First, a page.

Shelton talks shop ... and talks and talks

January 23rd, 2020

PITTSBURGH -- Last offseason, rookie manager Rocco Baldelli kept his bench coach involved in the Twins’ preparation process. That meant Derek Shelton spent a lot of time on the phone, a lot of time talking.

When Baldelli told Shelton, “You would not believe the conversations” a manager must have just before Spring Training, Shelton thought he could believe it. He thought he had been having most of them.

About two weeks ago, Shelton reached out to Baldelli.

“I was like, 'All right,'” the new Pirates manager said, “'now I know what you’re talking about.'”

This week, Shelton and the Pirates are hitting the road for the club’s annual CARE-a-van, a tri-state tour of public and private community events leading up to PiratesFest at PNC Park on Saturday. For the first time since his introductory press conference, Shelton wore his No. 17 Pirates jersey on Wednesday as he traveled with one group from Pittsburgh to Morgantown, W.Va., and back to the Cool Springs Sports Complex in Bethel Park, Pa.

It’s an opportunity for Shelton to meet fans, get a sense of the Pirates’ fan base and talk about baseball with kids, as he did Wednesday night. The bus rides and community events provide time to meet face to face with his coaching staff and a large group of players, from established figures like to prospects like and Cody Ponce.

And, yes, it’s another chance to talk.

A week ago, the Pirates’ staff met at the Pirate City complex in Bradenton, Fla., to develop a plan for Spring Training and establish what they want their culture to be. Shelton and bench coach Don Kelly, who will run Spring Training, speak multiple times a day. Shelton has sought input from players since he was hired, asking what the staff can do to build a better environment around the team.

“When you’re developing relationships and you’re building relationships, it’s important to talk more,” Shelton said. “These guys have to know the things we’re saying and what we’re doing, it’s something we’re going to live. The more we can foster relationships early on, the better off it’s going to be.”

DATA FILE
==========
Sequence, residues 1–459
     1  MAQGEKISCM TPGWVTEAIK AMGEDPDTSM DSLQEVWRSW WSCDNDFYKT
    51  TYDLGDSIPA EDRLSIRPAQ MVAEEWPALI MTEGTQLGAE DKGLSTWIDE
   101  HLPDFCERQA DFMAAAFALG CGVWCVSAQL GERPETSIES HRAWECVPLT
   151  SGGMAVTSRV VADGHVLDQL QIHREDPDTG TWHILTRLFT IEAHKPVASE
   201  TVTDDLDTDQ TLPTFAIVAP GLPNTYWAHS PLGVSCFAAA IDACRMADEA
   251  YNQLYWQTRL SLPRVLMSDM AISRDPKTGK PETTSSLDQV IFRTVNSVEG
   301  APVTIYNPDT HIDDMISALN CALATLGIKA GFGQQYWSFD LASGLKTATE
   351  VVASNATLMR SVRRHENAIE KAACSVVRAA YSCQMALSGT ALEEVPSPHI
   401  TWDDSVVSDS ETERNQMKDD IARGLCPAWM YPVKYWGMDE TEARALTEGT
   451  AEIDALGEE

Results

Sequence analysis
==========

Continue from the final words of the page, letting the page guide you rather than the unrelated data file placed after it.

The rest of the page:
There’s been a lot of activity behind the scenes, in other words. That’s probably not a surprise considering Pittsburgh has replaced its president, general manager, one assistant general manager, the manager and all but three coaches this offseason. They’re all getting to know one another and the organization they’ve inherited.

That transition hasn’t translated to a transformed roster, however. The Pirates’ biggest additions this winter have been catcher and outfielder , both of whom were non-tendered in early December. They haven’t traded veterans and torn it all down, either.

Basically, the Pirates are still getting an idea of what they have and assessing what they can do going forward.

“I think that’s a big part of it. You don’t get in a lot of situations where it’s a new GM, new manager, new president, big chunk of a new coaching staff. I think we’re making evaluations,” Shelton said. “Some of that is hard to do when you’re looking at a computer or you’re looking at a stat sheet and you’re talking about these guys -- trusting the guys that are here, that have been here before.

“Spring Training is probably going to be more vital to us than it is a lot of clubs -- maybe not, because there’s clubs still looking for managers and a lot of hired managers. But when you have a new system in place and you have a new leadership group in place, we have to look at those guys and identify what our thoughts are on them.”

Shelton referenced something general manager Ben Cherington said when he was hired: his four-step process of identifying, acquiring, developing and deploying talent. Right now, the Pirates are still identifying their own talent. Once they’ve accomplished that, they can turn all of their talk into action.

“For us to do that, we have to take our time. We have to see players on the field. Then we have to work off that,” Shelton said. “We’re having a lot of conversations. Even though it probably seems quiet externally, there’s a lot of stuff going on internally with us having conversations about our club, not only in 2020, but 2021 and moving forward.”